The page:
Cleat Geeks

What Should The Cubs Do With Castro?

starlin-castro-is-only-24-years-old-and-has-been-in-the-mlb-for-five-seasonsStarlin Castro was benched on August 7th and lost his job, at least for now, to rookie Addison Russell. Maddon made it perfectly clear this was not just giving Castro a day off or a “breather.” “You do not paint any kind of obscure picture that he has to read between the lines, and you’re very upfront about it,” Maddon said. “He’s a man. He can deal with it. We’ll be better for it. He’s going to be better for it too. Yes, you’re always concerned about the emotional component. But at the end of the day, it’s about the Cubs winning.”

Castro is hitting .238 with a .274 on-base percentage and ranks last among major league shortstops with a minus-0.8 WAR. But would Castro be out of the lineup if he were still hitting? “Probably not,” Maddon said. “That’s a fair assessment. If he’s playing his normal offensive game, you probably don’t do something like this. But under the circumstances — and I really like Starlin a lot … he’s done some really good things for us, even recently — we’re presented with a new set of circumstances based on personnel.” Cubs President Theo Epstein said the benching would not be permanent and wouldn’t affect Castro’s future in Chicago. The decision was based on Miguel Montero returning from the disabled list and keeping Kyle Schwarber’s bat in the lineup. Schwarber will be playing more in left and Chris Coghlan forced to Russell’s old spot at second base.

“The way Schwarber is swinging the bat, there are going to be a lot of options for Maddon, and he has to be able to play the match-ups, play the hot hand and put the best team on the field,” Epstein said. Castro has found himself in trade rumors, especially before the non-waiver deadline last month despite the impressive resume and a reasonable contract that keeps him under club control through the 2020 season. Castro needed a solid season to keep his spot at shortstop, but instead carries a .575 OPS. His struggles have left the Cubs at a lost for words.

“Yeah, of course it’s puzzling,” Epstein USATSI_8526773_154664732_lowressaid. “A 25-year-old, for as talented as he is, usually gets better and puts up good seasons. He’s shown some streakiness in his career. Even within the course of a good season, he’ll have a couple months where he’s not performing well and then he’ll get really hot. And we’ve benefited from that hot streak. But it’s just a year that he hasn’t really gotten comfortable at the plate for whatever reason. I think maybe this will help him – a little bit of time off, a little bit different look out there on the field and maybe Joe can put him in a position to find it and get hot.”  The Cubs moved Russell to second base before his promotion to the majors, but with Castro struggling, the rookie is back at his natural position, where he’s always pictured himself playing. “I’ve been playing shortstop ever since I was a little kid and all my dreams are coming true,” Russell said. “That’s great and all, but I just want to help out the team now that I’m in the big leagues. Wherever they need me, I’m going to try to get the job done.”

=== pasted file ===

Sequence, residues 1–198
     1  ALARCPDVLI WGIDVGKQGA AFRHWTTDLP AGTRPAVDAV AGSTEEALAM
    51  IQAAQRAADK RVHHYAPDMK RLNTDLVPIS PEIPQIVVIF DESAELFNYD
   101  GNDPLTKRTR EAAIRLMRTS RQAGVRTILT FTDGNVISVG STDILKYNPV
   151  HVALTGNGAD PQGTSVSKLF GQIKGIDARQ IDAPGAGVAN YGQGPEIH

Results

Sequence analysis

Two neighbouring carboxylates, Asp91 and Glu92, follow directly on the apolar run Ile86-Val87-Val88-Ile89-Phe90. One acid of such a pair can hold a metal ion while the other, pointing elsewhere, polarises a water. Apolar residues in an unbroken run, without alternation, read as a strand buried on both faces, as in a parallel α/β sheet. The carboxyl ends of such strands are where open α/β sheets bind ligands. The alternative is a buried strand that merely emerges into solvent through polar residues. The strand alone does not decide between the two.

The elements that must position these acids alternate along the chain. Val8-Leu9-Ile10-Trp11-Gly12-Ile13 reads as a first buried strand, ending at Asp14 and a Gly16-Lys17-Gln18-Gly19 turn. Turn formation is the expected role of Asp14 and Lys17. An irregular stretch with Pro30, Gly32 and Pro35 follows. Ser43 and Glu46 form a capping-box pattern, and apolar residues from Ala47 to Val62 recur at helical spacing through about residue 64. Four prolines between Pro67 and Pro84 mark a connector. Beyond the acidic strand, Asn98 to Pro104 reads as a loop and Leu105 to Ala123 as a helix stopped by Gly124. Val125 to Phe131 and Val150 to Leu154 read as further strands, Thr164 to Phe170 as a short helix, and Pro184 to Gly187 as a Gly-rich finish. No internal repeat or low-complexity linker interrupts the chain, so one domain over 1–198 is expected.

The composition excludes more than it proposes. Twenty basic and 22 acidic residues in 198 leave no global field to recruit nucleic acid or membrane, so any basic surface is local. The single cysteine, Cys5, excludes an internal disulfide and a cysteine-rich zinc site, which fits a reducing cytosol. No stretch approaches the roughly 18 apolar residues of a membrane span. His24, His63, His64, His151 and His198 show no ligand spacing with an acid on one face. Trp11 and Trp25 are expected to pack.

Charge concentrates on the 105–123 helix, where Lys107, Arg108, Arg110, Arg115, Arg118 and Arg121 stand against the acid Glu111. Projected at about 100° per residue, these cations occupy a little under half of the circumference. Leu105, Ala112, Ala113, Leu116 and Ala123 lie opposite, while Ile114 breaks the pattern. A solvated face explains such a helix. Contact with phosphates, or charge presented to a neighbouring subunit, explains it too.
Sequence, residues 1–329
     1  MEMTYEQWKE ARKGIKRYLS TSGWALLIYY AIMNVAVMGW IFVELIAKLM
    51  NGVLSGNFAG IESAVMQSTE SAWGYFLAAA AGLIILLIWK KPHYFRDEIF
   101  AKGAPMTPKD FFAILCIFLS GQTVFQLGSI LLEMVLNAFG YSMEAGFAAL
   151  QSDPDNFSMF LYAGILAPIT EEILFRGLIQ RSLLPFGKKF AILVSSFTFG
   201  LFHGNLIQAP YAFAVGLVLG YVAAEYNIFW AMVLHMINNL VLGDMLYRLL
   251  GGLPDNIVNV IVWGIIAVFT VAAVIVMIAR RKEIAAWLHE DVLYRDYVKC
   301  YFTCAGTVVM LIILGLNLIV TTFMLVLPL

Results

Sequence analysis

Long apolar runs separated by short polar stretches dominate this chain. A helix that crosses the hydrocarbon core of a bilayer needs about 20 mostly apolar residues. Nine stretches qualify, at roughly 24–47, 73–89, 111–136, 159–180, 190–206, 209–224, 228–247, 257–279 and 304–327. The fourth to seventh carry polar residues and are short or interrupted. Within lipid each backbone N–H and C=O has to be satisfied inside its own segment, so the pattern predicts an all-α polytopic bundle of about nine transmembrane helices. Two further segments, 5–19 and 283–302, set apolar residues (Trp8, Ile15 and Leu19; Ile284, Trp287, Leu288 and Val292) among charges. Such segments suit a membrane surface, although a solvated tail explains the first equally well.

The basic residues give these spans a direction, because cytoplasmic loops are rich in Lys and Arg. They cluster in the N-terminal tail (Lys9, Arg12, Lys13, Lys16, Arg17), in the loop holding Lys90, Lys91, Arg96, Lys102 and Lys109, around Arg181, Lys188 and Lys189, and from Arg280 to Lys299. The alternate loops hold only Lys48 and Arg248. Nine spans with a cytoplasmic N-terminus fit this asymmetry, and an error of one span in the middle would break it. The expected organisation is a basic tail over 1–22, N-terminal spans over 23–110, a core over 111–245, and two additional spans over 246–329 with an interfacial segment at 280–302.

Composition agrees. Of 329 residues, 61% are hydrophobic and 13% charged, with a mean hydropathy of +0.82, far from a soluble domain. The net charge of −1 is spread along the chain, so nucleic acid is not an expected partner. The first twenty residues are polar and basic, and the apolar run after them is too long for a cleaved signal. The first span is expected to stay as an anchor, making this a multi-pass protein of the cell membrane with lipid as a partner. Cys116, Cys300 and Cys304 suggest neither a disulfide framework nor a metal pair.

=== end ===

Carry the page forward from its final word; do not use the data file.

Castro said nobody from the organization has talked to him yet about possibly switching positions, but Maddon said they have started discussions about different possibilities. The team is more focused on Castro getting back to the player he is capable of being instead of adding more to his plate.starlin-castro-mlb-chicago-cubs-milwaukee-brewers-850x560 “Maybe a little break, a little rebooting can help,” Maddon said. “I really like this kid a lot and I want to see it work out for him and for us.” Theo Epstein thinks the move of Coghlan to the infield could help out for the stretch run, freeing Maddon to give the rookies a day off here and there to keep them fresh. “It’s going to finally allow Joe to get a little bit more rest for the Bryants and Russells of the world, guys who have never played a six-month season before,” Epstein said. “And then for Starlin, too. It’s going to give him days off that will hopefully allow him to find it.” Castro was upset at first, but said winning is more important. He also said he is trying not to focus on the future and stay positive, but wouldn’t mind having a conversation with the front office about a possible position or role change. “Yeah, if I have a chance to talk to them, I will,” Castro said. “Whatever they can do, they know why they do it and they know what is best for me and the other players. Whatever decision they make, I’m in.”

What should the Cubs do with Castro? I think the Cubs should keep him until the end of the season and see what happens within these next two months. Only a handful of teams would be looking to trade in the waiver process. The team could reevaluate in the off-season when they’ll be more teams in the mix who might be willing to take a shot.


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